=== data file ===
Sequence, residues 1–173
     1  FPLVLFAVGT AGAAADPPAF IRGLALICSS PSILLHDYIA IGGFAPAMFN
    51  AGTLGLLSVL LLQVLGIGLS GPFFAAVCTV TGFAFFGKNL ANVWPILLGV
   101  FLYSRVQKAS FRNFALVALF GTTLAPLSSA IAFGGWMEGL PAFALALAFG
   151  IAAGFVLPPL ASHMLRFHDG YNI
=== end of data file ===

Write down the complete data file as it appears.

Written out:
Sequence, residues 1–173
     1  FPLVLFAVGT AGAAADPPAF IRGLALICSS PSILLHDYIA IGGFAPAMFN
    51  AGTLGLLSVL LLQVLGIGLS GPFFAAVCTV TGFAFFGKNL ANVWPILLGV
   101  FLYSRVQKAS FRNFALVALF GTTLAPLSSA IAFGGWMEGL PAFALALAFG
   151  IAAGFVLPPL ASHMLRFHDG YNI